Pro audio practitioners are no doubt familiar with the reputation if not the actual audio quality of Barefoot Sound studio monitors, but they may be less familiar with Shinola, a luxury goods company founded in Detroit seven years ago. The company’s latest audio offering, a revamp of an earlier product, is named with utilitarian simplicity—the Shinola Bookshelf Speaker—and is the result of a collaboration between the brand and Barefoot Sound, based in Portland, OR.
Marketed to consumers as a Bluetooth bookshelf speaker, the, er, Bookshelf Speaker in fact offers a variety of input options (and even an output). And at less than half the price of a pair of entry-level Barefoot speakers, they do an impressive job of slotting into the gap between pro monitors and high-end luxury home bookshelf speakers in terms of features and performance.
Word is that these speakers share the 1-inch dual-ring radiator tweeter found in Barefoot’s Footprint 01, but the 6.5-inch high-excursion woofer was designed for this product. True to their name, the speakers are a bookshelf-friendly 12 x 8 x 9 inches (HWD), are available in either a black or natural oak veneer finish and weigh an average 17 pounds each. The black open-weave fabric grille, which attenuates the high frequencies only a little when fitted, to my ears, attach via embedded magnets.
A class-D amp rated at 100W RMS per channel powers the drivers. The amp is housed in the left speaker box, which features a single rotary encoder—no detents or markings—controlling volume and links to the right (passive) speaker via a cable fitted with banana connectors.
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The rear of the left speaker is where all the action takes place. Connect the speakers, plug in the very heavy-gauge power cable, flick the power switch and, after a moment, there is a somewhat disconcerting “bong” that signals everything is ready.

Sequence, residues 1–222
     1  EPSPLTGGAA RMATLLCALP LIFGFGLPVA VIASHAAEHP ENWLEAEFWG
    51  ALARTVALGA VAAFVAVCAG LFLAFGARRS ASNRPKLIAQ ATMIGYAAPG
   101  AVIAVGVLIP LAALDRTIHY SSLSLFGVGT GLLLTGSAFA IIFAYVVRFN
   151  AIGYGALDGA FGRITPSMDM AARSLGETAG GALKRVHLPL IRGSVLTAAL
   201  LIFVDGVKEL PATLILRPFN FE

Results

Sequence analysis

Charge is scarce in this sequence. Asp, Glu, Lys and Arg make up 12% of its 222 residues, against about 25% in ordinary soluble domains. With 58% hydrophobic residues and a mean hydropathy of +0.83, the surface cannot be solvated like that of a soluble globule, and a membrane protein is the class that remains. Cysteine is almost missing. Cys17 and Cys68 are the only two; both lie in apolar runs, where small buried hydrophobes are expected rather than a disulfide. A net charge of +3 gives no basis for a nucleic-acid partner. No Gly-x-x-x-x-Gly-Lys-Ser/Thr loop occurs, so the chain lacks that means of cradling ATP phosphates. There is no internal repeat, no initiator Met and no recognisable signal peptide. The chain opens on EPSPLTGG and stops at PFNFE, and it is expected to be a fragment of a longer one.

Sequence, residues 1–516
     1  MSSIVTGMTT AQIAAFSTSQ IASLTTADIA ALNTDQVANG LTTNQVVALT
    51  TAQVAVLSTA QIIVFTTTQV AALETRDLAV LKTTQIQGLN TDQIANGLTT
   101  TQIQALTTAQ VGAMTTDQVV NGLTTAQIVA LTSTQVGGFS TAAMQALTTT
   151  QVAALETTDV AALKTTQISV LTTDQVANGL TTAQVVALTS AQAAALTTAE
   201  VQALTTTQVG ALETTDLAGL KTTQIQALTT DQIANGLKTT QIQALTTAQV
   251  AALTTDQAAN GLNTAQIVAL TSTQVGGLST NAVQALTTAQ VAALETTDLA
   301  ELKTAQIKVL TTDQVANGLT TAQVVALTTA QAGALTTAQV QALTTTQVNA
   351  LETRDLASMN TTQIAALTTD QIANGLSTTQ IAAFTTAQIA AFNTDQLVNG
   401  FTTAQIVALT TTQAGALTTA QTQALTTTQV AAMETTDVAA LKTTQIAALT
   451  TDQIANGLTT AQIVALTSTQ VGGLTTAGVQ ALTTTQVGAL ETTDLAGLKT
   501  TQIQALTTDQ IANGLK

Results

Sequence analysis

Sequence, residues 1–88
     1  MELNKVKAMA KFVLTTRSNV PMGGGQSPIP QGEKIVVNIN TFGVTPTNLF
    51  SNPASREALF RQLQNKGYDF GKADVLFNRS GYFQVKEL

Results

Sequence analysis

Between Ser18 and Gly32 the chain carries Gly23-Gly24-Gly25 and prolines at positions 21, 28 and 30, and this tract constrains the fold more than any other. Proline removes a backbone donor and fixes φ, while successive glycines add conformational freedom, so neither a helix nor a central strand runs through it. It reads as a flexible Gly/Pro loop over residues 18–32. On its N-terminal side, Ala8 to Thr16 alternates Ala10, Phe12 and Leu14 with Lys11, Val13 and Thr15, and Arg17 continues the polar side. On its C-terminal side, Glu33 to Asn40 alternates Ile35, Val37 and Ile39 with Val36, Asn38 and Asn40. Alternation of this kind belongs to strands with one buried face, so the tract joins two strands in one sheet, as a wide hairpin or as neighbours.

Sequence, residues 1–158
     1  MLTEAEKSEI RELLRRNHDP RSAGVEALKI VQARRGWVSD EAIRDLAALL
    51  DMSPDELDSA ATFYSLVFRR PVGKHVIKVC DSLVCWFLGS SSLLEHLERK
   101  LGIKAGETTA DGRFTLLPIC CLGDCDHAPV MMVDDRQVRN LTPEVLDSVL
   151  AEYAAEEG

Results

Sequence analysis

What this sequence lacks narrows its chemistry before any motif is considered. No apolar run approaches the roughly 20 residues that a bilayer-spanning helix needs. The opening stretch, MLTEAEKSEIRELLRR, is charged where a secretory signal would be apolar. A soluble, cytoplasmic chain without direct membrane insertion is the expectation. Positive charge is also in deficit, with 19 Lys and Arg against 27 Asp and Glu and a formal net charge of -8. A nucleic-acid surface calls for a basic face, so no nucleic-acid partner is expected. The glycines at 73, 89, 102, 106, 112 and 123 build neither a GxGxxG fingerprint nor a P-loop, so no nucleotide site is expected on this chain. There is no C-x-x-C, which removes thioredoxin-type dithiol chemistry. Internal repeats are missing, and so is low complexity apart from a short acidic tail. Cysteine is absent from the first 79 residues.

The choice of inputs includes analog (a 3.5mm mini-jack or RCA pair), digital (S/PDIF in and, unusually, out), USB (a USB type-C cable is included), and high-resolution Qualcomm aptX-powered Bluetooth. Input sources are selected by stepping through the options using a single button surrounded by LED indicators, above which is the Bluetooth pairing button. In practice, it’s somewhat awkward to change and see the selected source, but it probably gets easier with use.
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How do they sound? First, some context. I’m not a professional mixer but I’ve produced more than a handful of tracks for release on CD and vinyl, as well as numerous tracks for production music library use, all through the same inexpensive 8-inch M-Audio Studiophile monitors, on IsoAcoustics stands, for the past 15 years; they’re my NS-10s, if you will. I played some of my professionally mastered material plus a selection of electronica, jazz, pop and rock CDs, old and more recent, through both sets to compare.
The Shinola speakers, which feature a rear slot port, output plenty of low-frequency energy, in keeping with current tastes. It’s tight and not too flabby, but some of the lower-mid instruments—electric bass and synth, in particular—gained a little prominence in the mix compared to my usual M-Audio Studiophile monitors.
The published response is 60 Hz – 22 kHz, but the high end, even without the grille in place, lacked the sizzle and air of my old faithfuls, which top out at 20 kHz. If anything, it feels like both speakers cover a similar frequency range, but the Shinolas are offset lower, resulting in less treble and more bass.
I wouldn’t choose to mix on the Shinola Bookshelf Speakers, but that’s not their purpose. However, for easy listening, in the living room or elsewhere, paired with a Bluetooth-enabled TV, a smartphone tuned to Spotify or a CD playing out of a computer, they offer an enjoyable experience at $1,500 a pair.
Shinola • www.shinola.com